S-video separates analog video signals into brightness (Y) and color (C) components, then carries each on a separate line. It keeps both signals in sync to maintain the video stream’s quality.
S-video transmissions have higher brightness and color accuracy than composite videos, which carry signals on only one channel.
It utilizes a minimum of four lines: one line for brightness, one for color, and two lines for a ground pair.
Because S-video separates brightness and chrominance, it is not susceptible to dot crawl distortion, which is common with composite video transmissions.
The dot crawl refers to a moving dotted pattern that appears at the horizontal area between two colors on the screen. It occurs when the receiving device cannot correctly separate luminance and color signals.
What Do The S-Video Port and Cable Look Like?
S-video uses mini-DIN ports, which are round with multiple pinholes. The 4-pin S-video connector is the most common (on DVD players, VCR players, and Video Cameras), while the 7-pin connectors are more common on computers.
The pinholes are for each separate line of signal:
Pin 1: Ground Y
Pin 2: Ground C
Pin 3: Brightness (Y)
Pin 4: Color (C)
The 7-pin connectors have four pinholes that match those on the 4-pin connectors in position and function, and three extra pinholes. These extra pinholes carry signals that are not part of S-video and their function may vary depending on the device.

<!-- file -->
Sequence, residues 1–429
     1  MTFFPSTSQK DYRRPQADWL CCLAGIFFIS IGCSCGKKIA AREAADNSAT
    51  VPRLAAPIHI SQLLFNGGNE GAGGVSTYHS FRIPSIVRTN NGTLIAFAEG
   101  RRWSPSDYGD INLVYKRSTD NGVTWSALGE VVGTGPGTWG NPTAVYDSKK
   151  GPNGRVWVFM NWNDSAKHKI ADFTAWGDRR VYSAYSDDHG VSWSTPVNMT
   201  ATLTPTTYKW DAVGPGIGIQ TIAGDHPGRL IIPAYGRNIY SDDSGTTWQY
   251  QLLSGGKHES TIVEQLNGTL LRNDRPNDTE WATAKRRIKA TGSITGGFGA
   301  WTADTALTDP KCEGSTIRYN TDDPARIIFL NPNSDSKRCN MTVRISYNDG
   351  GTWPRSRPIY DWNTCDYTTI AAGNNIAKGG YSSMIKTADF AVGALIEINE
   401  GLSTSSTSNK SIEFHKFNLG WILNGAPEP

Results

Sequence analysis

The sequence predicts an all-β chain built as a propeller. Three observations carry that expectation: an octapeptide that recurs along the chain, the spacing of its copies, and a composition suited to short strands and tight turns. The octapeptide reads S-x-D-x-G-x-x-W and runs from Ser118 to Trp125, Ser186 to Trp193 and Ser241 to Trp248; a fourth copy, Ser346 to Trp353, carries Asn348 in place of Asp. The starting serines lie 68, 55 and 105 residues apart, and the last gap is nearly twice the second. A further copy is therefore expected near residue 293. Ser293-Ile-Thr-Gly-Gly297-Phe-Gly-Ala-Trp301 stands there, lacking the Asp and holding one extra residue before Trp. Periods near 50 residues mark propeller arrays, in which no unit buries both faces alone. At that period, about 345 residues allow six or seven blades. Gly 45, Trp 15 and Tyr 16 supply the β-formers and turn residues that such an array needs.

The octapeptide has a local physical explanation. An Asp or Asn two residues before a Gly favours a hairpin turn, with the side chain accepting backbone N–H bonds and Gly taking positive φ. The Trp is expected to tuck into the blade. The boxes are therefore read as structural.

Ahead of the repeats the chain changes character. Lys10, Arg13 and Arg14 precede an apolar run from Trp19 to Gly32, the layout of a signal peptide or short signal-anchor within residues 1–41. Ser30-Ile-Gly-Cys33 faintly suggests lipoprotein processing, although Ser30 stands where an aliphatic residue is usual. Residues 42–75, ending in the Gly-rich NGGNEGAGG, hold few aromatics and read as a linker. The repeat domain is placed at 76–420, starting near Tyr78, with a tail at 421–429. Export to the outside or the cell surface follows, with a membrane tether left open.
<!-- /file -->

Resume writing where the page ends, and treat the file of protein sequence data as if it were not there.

The 4-pin connector can only work with a 4-pin cable, but the 7-pin connector can work with both 7-pin and 4-pin cables.
There are older and less popular variants of the mini-DIN connector. They include the Atari 800, Commodore 64, 8-pin mini-DIN, and 9-pin mini-DIN.
This mini-DIN connector was released in 1982 by Commodore Group. It featured in their monitors as 8-pin LCA jacks which transmitted luma, chroma, and audio signals.
The ATI Radeon brand uses the 8-pin connector in some of its video cards.
It is found on graphics systems (i.e., ATI Radeon video cards) that both input and output signals. The 9-pin mini-DIN cannot use regular 4-pin cables because it doesn’t have designated pinholes for the S-video signals; the function of each pinhole depends on individual manufacturers.